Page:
People enjoy edgy stuff and that often means risking discomfort, embarrassment, or even emotional pain.
We didn’t want our game to be like that. We didn’t want our questions to hurt.
Our intention was to be wild and provocative without making people squirm, or pushing for self-disclosures they might regret later. We wanted to go deep without causing anybody to feel overexposed.
We generated over 1000 questions and tested them all, between ourselves and with friends. Some were easy to throw away, like this one:
Are there too many people in the world? If so, is it wrong to make more babies?
As a friend pointed out, this could quickly start a family feud!
Or this one:
What do you need to forgive yourself for?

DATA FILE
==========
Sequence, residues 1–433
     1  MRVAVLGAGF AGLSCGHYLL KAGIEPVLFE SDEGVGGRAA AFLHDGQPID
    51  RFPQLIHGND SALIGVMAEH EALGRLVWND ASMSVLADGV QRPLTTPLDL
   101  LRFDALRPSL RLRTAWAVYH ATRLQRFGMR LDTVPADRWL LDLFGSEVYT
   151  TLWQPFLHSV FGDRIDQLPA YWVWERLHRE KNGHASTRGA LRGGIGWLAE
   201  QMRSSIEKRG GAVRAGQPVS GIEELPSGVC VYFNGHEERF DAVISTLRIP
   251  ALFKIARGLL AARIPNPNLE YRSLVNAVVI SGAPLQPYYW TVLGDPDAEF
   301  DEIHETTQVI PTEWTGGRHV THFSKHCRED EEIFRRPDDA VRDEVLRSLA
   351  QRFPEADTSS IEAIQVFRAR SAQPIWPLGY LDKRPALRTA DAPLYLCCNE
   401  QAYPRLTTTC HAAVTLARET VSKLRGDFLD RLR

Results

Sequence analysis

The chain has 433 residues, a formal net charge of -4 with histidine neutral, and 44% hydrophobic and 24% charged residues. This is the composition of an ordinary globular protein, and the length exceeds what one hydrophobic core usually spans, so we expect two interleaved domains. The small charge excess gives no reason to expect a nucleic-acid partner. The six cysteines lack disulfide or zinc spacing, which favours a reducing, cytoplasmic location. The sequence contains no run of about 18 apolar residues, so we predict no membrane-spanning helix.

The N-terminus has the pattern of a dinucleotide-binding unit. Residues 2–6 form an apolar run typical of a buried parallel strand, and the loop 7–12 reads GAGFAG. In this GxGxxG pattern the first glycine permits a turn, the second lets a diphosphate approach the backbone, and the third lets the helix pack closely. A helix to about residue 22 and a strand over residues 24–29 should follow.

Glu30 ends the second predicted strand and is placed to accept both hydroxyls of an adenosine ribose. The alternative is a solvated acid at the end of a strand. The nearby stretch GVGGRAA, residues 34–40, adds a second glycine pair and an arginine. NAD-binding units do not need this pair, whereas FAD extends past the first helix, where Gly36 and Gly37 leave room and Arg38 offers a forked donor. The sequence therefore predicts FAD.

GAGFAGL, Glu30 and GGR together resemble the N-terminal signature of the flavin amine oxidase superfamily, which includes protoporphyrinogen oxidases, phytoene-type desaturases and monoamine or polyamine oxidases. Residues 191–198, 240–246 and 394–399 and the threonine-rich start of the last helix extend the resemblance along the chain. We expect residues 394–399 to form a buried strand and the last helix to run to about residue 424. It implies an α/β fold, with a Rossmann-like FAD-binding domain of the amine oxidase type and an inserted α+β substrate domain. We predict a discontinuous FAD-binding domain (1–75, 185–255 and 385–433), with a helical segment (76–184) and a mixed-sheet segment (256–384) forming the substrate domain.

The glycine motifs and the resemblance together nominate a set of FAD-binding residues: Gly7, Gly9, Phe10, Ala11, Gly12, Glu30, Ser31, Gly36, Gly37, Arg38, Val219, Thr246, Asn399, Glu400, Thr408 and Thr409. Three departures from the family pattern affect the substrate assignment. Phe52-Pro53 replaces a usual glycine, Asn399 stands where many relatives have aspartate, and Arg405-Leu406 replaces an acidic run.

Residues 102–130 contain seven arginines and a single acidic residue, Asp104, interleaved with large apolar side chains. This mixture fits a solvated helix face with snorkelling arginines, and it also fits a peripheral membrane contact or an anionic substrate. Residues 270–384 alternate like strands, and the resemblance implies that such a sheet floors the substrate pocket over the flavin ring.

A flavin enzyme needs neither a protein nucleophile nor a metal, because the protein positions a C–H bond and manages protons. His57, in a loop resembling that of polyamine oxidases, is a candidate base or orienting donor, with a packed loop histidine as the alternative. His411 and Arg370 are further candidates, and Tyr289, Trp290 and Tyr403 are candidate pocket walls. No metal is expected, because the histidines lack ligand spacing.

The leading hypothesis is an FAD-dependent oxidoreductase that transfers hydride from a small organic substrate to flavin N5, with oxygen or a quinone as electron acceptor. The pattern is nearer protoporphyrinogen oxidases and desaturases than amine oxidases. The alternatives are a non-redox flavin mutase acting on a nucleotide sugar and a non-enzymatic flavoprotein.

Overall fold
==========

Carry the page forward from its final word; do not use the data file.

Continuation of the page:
It’s worth pondering, but we found this is very tender to talk about, and it seemed to induce a somber mood.
Then there were questions that seemed good when we wrote them, like this one:
If humans go extinct, would you like to be reincarnated as a member of Earth’s next form of intelligent life?
But the conversation went nowhere. This often happened with some of our cool-sounding questions.
Marc thought he had a brilliant idea when he came up with this:
If you could go back in time to an earlier version of yourself and offer some critical advice, what would it be?
But the problem is that this question implies we took a fateful wrong turn somewhere. It’s a bummer.
So we changed it, and now we have:
What advice might a future version of yourself give to the person you are today?
So went our process. It was slow and fun.
We are extremely happy with the questions we ultimately distilled for the game. We hope you will enjoy them as much as we do.
And yes, the deck does have some edgy and even sexy questions. Nice ones.